I’ll admit, I haven’t been on a bike much in the past 10-15 years,  and certainly never on roads as busy as they are in Chicago, so I was a bit nervous during my first few Divvy rides. But I quickly got used to it. Many roads here have bike lanes, or you can get around via side streets so that getting chance to enjoy the unique experiences in Chicago. Although I have yet to attempt Divvying in the Loop during rush hour.

Right now, when I Divvy, I use a Camelback backpack to lug my stuff, and strap my helmet off the bottom of it. I kind of would like something a bit cuter – anyone have any recommendations?

Are you a Divvy member? What do you use Divvy for? Do you have your own bike in the city? When do you use it? 

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13 Comments on “Getting Around Chicago with Divvy Bikes”

  1. Back in the day, Rich used to always train/bike commute to me in the Summer to avoid parking. I did not ride my bike much when I lived in the city, but I wish I had! We used the public bike share in Paris while we were there and it was so convenient. Maybe when I get a new job I’ll Diivy from the train!

  2. One of my best friends swears by Divvy – although once, she rode her bike to brunch, consumed a few cocktails, and rode home (which I don’t condone). But she takes them to and from work all of the time (sans cocktails, of course).

    I also saw a group of people ON Lake Shore Drive riding Divvy bikes. Since we were stuck in traffic, I told them that the lakefront path would be a safer option for them, but they told me to go fly a kite.


  3. I am intrigued by biking around the city on days when I don’t have as much time to walk and/or where I need to go requires more than one mode of transportation but I am terrified of riding a bike in the city so haven’t tried Divvy yet. Hoping to get over my fear and give it a try though…

  4. I need to sign up for Divvy. I would love to use it to get to work. I’ve ridden my own bike a few times but I spend the whole day worrying that it’s going to get stolen.

    And I agree about the whole awkwardness of carting your helmet around. I suppose you could just run with your helmet on. Pretend you’re doing a Muddy Buddy or something.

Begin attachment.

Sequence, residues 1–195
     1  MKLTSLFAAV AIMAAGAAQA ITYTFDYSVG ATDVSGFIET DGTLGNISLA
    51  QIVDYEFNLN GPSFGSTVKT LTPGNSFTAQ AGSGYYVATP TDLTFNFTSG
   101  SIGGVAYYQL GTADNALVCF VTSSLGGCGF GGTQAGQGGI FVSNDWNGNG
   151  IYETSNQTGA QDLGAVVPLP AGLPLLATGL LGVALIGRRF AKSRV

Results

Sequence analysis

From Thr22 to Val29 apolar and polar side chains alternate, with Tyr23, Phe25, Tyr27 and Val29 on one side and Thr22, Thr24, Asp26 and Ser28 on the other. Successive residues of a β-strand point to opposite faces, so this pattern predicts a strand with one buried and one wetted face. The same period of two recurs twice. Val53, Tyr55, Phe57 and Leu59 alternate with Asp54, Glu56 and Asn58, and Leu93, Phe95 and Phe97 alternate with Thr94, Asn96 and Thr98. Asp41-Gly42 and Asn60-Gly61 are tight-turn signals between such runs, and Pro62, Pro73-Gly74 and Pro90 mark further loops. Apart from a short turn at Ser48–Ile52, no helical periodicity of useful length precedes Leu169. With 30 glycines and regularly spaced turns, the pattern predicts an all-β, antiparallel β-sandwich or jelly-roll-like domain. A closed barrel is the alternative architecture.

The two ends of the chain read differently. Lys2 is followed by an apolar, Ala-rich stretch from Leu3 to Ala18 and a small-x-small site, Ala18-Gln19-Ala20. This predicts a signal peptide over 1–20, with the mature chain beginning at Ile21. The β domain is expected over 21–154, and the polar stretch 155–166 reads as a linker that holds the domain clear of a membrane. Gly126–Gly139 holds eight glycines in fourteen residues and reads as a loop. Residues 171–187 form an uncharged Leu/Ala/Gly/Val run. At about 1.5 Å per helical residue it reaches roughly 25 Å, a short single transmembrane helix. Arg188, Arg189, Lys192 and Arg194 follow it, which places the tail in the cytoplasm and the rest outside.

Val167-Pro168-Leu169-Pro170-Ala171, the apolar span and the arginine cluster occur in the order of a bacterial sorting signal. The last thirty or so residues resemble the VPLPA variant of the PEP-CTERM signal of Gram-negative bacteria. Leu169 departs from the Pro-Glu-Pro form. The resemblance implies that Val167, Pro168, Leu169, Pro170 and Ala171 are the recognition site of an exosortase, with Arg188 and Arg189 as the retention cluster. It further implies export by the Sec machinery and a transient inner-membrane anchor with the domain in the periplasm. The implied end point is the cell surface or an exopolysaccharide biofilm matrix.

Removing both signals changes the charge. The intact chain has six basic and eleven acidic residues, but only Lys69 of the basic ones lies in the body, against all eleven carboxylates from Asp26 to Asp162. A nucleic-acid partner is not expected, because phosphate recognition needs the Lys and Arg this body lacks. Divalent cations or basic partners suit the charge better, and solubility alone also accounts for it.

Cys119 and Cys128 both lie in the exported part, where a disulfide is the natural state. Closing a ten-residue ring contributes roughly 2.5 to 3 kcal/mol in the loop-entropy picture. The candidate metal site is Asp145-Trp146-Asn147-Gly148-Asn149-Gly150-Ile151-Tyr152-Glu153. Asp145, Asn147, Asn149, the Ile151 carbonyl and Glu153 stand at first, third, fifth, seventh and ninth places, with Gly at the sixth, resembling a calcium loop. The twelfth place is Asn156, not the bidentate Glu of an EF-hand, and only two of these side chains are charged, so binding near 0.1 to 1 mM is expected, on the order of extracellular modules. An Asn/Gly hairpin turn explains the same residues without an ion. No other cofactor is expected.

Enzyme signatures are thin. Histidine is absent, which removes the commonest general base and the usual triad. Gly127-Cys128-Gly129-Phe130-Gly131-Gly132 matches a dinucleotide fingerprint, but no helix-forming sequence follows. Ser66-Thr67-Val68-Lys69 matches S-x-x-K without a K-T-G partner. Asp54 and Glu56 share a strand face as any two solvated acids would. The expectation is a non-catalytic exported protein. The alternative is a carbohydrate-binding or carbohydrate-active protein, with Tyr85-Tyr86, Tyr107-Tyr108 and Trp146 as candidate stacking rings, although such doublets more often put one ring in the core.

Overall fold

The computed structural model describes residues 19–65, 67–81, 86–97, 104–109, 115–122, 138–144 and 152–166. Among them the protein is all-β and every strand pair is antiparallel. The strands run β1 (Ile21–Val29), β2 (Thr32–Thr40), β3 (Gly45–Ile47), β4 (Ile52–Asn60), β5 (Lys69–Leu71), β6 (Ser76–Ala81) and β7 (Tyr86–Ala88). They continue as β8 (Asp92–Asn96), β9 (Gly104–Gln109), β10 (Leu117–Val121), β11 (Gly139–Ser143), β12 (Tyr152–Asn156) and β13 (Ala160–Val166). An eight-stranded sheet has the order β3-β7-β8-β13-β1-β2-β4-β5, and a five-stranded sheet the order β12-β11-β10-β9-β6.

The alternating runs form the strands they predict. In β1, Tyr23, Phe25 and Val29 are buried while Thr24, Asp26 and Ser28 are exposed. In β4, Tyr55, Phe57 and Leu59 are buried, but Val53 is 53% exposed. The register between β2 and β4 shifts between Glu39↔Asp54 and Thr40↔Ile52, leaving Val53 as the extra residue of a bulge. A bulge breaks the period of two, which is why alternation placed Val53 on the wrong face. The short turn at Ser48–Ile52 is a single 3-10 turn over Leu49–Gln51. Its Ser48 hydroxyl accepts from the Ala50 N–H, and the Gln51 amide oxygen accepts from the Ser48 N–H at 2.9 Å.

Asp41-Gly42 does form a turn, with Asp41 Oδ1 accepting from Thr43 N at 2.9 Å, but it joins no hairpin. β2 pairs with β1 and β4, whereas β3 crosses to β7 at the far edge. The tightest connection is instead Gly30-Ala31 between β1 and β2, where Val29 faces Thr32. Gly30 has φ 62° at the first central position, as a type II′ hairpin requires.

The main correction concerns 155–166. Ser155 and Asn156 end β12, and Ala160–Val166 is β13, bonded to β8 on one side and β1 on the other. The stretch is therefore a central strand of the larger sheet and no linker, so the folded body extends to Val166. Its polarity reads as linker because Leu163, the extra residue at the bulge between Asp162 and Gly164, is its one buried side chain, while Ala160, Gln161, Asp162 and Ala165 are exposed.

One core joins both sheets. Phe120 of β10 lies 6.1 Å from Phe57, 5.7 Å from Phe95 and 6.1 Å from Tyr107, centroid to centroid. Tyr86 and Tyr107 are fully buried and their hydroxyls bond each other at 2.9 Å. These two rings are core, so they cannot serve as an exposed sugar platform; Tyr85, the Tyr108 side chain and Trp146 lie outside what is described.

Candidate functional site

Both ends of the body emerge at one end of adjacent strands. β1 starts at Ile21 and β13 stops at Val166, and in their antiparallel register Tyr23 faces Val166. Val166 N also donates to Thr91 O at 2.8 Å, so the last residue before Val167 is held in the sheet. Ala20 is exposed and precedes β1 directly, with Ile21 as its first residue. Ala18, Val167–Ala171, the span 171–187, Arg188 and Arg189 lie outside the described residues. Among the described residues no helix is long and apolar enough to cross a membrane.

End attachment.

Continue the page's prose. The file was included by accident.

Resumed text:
1. I do have a bike of my own, but it’s at my parents house because I was too chicken to ride in Chicago, so it didn’t seem worth the hassle. If I rode to/from work, I could keep my bike in the basement of my building, so now that I’ll be living so much closer to the office, I might rescue my bike from their garage. When Robert bikes to work, he’s able to bring his bike into the office, but he works for a very small office. At home we keep it in our garage and keep the garage locked. So yeah, definitely paranoid about getting stolen. When I was in college, someone came through our backyard and onto our back porch (we lived in a vintage walk-up) and stole my roommate’s bike – I don’t remember if she had it locked to the porch and they had to damage the [wooden] porch to steal it, or if she didn’t have it locked. Either way, they came up on our back porch, just a few feet from our back door. Creepy.

  5. Thanks for the tips. I think Divvy is a fantastic idea. As for the helmet problem, I guess some people are claiming that the risk of bike accident-related head injuries across millions of bikers is minuscule vs. the odds that people who don’t bike/exercise will have health-problems. Therefore, they would rather see lots of helmetless riders getting exercise over just a few who are wearing helmets. Anyway, I’m not going to take chances to see if they are right, so I’m wearing mine!